By Sam Holding, Head of International, SparkPost.
Over the past few years, there’s been a lot of talk about disruption taking place in the world of Banking and Fintech, and the threat posed to those institutions that haven’t stepped up certain procedures or taken action to ensure they remain competitive. The rapid rise of Fintech meant that Banks have been forced to tackle deep cultural issues and make way for new approaches. We all know that whenever culture is involved, change is neither easy nor widely accepted. Still, the retail banking community has shown a remarkable level of flexibility and openness towards building services for a new customer profile – tech-savvy and always-on-the-move, demanding complete information in real time.
Ultimately, that’s what it’s all about: satisfying a new generation of customers that is accustomed to more for less. Customers can now choose whom they want to do business with and are well aware of the power this brings. They demand everything, along with the stability and reliability of a traditional Bank. Simply put, they want the best of both worlds.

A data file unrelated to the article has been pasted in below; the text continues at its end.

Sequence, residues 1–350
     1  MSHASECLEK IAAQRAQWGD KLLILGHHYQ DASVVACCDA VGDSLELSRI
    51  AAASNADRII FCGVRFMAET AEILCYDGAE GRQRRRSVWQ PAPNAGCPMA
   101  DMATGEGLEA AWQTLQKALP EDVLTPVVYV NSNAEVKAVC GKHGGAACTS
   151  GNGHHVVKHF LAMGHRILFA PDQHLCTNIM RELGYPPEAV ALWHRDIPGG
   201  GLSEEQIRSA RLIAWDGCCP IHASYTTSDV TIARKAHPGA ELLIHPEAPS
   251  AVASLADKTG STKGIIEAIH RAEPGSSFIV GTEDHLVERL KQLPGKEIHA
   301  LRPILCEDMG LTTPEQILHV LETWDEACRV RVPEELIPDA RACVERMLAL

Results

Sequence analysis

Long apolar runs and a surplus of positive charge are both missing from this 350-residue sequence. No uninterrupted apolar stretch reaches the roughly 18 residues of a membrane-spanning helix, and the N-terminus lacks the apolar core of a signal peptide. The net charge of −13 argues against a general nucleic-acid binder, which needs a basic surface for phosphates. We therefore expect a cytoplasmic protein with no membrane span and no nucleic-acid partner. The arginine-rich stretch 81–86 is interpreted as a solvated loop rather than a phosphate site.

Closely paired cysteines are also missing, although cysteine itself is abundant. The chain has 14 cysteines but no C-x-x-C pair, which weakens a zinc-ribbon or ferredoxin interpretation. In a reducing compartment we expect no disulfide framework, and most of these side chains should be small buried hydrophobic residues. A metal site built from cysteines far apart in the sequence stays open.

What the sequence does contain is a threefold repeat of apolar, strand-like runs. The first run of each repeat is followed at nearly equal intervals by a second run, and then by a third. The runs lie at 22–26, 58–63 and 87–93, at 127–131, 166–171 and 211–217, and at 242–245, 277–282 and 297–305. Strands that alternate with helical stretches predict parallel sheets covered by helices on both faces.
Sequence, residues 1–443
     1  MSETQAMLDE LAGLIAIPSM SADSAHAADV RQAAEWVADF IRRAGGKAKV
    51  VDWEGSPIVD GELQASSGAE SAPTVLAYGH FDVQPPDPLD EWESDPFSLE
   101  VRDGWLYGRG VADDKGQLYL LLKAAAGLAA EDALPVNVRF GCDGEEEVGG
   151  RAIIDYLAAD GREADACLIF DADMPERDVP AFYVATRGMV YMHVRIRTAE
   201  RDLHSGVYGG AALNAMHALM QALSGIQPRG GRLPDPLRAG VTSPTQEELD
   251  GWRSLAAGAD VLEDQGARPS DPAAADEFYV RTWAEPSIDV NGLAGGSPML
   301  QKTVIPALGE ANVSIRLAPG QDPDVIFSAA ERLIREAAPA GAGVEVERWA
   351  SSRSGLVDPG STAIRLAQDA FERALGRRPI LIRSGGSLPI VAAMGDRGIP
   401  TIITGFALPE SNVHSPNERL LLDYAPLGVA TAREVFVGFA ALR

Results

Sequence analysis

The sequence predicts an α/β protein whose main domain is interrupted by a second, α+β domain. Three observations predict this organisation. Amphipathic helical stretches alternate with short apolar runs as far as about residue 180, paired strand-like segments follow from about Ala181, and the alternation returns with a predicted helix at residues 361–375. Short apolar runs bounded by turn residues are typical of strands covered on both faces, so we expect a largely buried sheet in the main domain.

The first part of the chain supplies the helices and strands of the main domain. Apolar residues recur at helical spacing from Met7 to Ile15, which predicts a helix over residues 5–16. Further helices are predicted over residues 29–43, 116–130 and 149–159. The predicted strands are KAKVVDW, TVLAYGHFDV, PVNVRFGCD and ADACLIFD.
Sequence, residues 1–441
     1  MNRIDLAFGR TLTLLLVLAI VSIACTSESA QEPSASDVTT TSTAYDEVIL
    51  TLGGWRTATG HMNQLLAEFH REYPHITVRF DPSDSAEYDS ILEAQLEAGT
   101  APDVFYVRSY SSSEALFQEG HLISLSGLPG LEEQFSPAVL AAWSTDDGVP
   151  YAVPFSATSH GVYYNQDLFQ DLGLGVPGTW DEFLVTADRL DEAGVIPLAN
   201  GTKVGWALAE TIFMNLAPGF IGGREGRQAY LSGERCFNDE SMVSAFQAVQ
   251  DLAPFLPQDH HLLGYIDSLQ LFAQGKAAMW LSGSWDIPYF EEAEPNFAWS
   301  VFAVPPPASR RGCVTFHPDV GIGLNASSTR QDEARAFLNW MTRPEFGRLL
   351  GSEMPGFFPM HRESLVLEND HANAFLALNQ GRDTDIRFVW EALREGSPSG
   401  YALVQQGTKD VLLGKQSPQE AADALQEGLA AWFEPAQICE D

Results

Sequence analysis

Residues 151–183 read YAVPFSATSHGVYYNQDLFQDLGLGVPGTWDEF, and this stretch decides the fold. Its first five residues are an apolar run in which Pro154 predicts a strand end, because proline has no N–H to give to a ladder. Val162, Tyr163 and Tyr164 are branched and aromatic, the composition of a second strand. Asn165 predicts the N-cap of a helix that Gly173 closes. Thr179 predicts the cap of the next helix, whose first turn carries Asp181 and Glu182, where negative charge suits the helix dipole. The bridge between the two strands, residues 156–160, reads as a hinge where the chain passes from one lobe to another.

Banking is without a doubt one of the world’s most regulated industries. It always has been. This traditional, thriving and ever-evolving sector is accustomed to complying with directives and regulations in almost every aspect of its operations, and customer-facing communication is no exception.
In email marketing, regulatory compliance is a requirement. But this doesn’t mean that the FCA is giving organisations a run for their money. The purpose is to protect markets, businesses and clients alike by establishing transparent rules of conduct. The Markets in Financial Instruments Directive is a case and point. The updated MiFID, introduced in 2018, provides a framework for promotional and customer engagement activities run by Financial Services organisations, whether traditional Banks or FinTechs, and requires a specific approach when it comes to the context and tone of communications.